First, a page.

otherwise have insisted upon. All he had to do was to wear him out
by a process of procrastination. For the rest, Ahmed had tried
exactly the same system a few years before in the same place on
another highly-strung Frank, the Marquis de Nointel, with complete
success. That he was no less successful now can easily be shown.

Just as things had reached that point, there arrived from Smyrna
an express courier with a letter from Consul Rycaut. It was
signed by all the English merchants, who prayed his Excellency to
protect them against an administrative innovation that threatened
their interests and privileges. In different circumstances, Sir
John would have turned every stone: as it was, he did not even
acknowledge receipt of the complaint.[160] The same lassitude and
anxiety to shake the dust of Adrianople from off his feet were
manifest in what follows.

On the Thursday before the Friday fixed for his farewell audience,
Signor Antonio Perone went to the Kehayah to see if the appointment
held. He found that the appointment stood good, but that--the
Capitulations lacked the Grand Signor’s autograph (_Hattisherif_).
To his protest the Kehayah blandly replied that, as the Venetians,
the French, and the Dutch were content to do without the Imperial
autograph, there was no need for it. The Dragoman insisted;
but all the answer he obtained was, _Olmaz_--it could not be!
Thereupon, without going back to the Ambassador for instructions,
he ran straight to the Rais Effendi and besought his help. The
Rais Effendi also said, _Olmaz_: the Grand Vizir had decided that
there should be no Imperial autograph--only the Imperial cipher.
It was no use pressing him: he knew the Vizir to be a man who
never changed his mind. Signor Antonio returned to the Kehayah
and implored him so earnestly that at last he got him to write to
the Vizir’s Muhurdar, or Keeper of the privy seal, and ask him to
approach his master on the subject. But the Muhurdar also declined
to interfere. The Dragoman, at his wits’ end, ran and fetched the
old Capitulations, as renewed by Lord Winchilsea, and, laying
them before the Kehayah, showed him the Grand Signor’s handwriting
upon them: here is the precedent, he said, and pointed out what
an unreasonable thing it was that the new Charter should want
the force of the old. In the end the Kehayah unbent so far as to
send a Memorial to the Grand Vizir, and by and by informed Signor
Antonio that the thing was as good as done: “Give the Ambassador
my salaams,” he said, “and tell him that I hope to get everything
ready in a few days more: you may say three to the Ambassador,
but I doubt not that I shall have it done in two.” Meanwhile, the
audience, naturally, was postponed.

The news was calculated to perturb a nature much less combustible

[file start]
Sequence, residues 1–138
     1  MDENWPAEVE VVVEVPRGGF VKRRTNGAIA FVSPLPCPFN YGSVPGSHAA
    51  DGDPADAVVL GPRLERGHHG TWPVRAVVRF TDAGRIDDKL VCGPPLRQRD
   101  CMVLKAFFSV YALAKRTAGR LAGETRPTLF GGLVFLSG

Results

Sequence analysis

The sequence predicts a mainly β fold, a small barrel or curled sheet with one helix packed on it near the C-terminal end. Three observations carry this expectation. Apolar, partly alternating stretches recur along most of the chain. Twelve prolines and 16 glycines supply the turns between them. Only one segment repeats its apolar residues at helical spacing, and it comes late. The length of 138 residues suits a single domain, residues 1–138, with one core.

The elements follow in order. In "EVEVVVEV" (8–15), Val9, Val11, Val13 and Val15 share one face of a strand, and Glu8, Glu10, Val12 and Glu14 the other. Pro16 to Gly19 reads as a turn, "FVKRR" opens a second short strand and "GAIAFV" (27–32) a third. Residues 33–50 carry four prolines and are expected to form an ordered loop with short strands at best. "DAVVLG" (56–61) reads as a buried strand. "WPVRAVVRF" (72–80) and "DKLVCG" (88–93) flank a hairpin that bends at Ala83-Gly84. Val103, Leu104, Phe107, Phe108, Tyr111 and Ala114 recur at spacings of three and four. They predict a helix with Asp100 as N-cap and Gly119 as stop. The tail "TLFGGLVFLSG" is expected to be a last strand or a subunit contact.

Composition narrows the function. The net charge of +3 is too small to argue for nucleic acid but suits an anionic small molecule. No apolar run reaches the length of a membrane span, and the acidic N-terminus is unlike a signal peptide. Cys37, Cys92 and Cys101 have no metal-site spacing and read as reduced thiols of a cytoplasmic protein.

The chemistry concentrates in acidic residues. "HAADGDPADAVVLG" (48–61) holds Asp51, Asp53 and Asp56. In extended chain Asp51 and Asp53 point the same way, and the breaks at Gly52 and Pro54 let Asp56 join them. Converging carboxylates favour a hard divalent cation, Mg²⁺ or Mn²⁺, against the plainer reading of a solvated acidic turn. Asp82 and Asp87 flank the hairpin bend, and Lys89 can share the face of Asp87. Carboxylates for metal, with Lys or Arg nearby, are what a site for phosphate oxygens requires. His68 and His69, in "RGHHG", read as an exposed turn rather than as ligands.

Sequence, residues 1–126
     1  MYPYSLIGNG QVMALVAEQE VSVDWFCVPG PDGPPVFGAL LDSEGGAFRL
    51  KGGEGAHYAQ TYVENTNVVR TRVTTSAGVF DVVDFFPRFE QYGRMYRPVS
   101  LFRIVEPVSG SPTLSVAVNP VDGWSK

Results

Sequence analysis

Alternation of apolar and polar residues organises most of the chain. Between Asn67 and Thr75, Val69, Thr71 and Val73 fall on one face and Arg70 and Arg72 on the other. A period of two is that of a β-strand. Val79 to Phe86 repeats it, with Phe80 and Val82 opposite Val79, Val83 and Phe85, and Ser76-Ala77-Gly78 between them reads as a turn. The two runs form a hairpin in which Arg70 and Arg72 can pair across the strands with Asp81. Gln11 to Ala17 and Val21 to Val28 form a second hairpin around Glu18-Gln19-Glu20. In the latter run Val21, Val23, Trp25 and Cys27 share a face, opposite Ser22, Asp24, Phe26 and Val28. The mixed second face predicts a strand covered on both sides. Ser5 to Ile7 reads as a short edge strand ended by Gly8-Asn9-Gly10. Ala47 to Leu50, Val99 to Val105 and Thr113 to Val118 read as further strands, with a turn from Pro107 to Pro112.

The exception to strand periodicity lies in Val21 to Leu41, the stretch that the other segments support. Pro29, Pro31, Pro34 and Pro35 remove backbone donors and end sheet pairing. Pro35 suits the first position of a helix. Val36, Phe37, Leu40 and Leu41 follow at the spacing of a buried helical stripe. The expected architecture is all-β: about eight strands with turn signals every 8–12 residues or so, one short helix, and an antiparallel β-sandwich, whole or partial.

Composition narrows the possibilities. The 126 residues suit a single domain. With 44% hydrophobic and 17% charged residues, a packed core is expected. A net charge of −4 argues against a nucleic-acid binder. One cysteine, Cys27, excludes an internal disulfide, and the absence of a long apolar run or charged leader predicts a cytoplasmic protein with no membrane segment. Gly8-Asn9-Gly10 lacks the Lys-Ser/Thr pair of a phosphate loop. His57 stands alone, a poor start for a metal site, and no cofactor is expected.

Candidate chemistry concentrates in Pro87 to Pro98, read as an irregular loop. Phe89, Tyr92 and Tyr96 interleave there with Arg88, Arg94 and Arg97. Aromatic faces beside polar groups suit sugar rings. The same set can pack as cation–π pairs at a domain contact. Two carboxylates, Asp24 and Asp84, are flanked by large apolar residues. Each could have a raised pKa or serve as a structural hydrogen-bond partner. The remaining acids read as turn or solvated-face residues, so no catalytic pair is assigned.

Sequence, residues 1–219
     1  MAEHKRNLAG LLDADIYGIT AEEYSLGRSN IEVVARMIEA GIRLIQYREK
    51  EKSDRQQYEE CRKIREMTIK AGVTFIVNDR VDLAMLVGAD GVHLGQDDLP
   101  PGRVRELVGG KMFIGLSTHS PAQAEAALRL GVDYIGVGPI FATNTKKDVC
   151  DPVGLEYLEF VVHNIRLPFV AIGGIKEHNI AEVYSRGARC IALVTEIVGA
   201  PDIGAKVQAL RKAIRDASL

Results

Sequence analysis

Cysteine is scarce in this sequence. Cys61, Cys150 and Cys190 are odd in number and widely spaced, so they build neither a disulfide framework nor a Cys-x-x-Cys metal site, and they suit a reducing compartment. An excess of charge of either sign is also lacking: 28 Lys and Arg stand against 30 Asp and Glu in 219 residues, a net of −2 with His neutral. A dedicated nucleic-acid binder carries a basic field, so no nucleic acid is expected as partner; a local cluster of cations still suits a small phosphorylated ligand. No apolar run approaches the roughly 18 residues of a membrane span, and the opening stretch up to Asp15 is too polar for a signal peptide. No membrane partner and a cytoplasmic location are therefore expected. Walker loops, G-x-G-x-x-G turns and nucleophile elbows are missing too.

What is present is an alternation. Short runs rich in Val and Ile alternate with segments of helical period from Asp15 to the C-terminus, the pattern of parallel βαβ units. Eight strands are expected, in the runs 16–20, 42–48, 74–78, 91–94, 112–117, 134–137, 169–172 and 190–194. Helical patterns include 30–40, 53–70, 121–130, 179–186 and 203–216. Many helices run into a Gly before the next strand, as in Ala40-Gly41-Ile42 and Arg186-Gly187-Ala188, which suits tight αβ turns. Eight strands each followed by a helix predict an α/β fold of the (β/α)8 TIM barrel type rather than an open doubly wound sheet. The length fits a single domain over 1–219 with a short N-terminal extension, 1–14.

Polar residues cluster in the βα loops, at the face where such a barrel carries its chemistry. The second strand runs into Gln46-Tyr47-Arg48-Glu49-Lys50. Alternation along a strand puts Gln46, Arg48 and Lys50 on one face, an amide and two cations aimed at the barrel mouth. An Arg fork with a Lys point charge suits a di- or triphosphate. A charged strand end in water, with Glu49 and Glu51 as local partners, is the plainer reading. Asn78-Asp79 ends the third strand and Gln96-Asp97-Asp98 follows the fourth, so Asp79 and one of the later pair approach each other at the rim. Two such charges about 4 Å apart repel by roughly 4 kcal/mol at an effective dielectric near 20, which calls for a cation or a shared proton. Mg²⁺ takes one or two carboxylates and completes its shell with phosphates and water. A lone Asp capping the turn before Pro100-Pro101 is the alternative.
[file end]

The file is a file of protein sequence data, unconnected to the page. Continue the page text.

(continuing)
than Sir John’s. No language could express his rage and despair.
He was furious--furious with the Kehayah and Rais Effendi for
not informing him of the hitch sooner, but at the eleventh hour
putting him off; even more furious with the Dragoman for having
insisted on the Hattisherif! Rather than wait another day, Finch
would have gone without, thinking it enough that the other
Europeans had none, and forgetting how it must have reflected on
his diplomatic dexterity to lose an advantage his predecessors
had secured--and one, too, “whereof,” says Dudley North, “we had
swaggered and gloried so much!” So efficacious was Ahmed’s system
for dealing with ambassadors. Luckily, there was our Treasurer
to prevent mischief. In him both the Vizir and the Ambassador
had found their match. To Ahmed’s impassivity North opposed his
tireless perseverance, and to Sir John’s febrile impatience his
imperturbable phlegm. Often, disapproving of his Excellency’s
orders to the Dragomans, he countermanded them behind his back, and
now he defeated his insane inclination to play into Kuprili’s hand:
all the time managing Finch’s pride by an attitude of absolute
submissiveness.[161] North had a sense of humour.

“In two days,” had said the Kehayah. But many more than two days
pass, and the thing is not yet done. The Dragomans are at their
old trade of soliciting for dispatch, prodded on by the Treasurer.
Sometimes they find the Kehayah arguing against the necessity of
having the Grand Signor’s autograph, but he always ends by telling
them that they will have it. One day he says that the Capitulations
are in the hands of the Vizir’s Muhurdar, waiting to be presented
to the Grand Signor with several other documents as soon as the
signing-time should arrive. Thereupon Sir John orders four vests to
be sent to the Muhurdar.

At length, the Turks having exhausted the possibilities of delay,
news comes that the Grand Signor has signed the Capitulations and
that his Excellency should be ready to receive them from the Grand
Vizir’s hands on Wednesday, the 8th of September, at three in the

Of a truth, the long-promised will now be done!

Sir John, in his eagerness, went too soon and had to wait in the
Kehayah’s apartment till prayers were over. Coffee and sherbet were
served, while Dr. Mavrocordato, like Finch a medical graduate of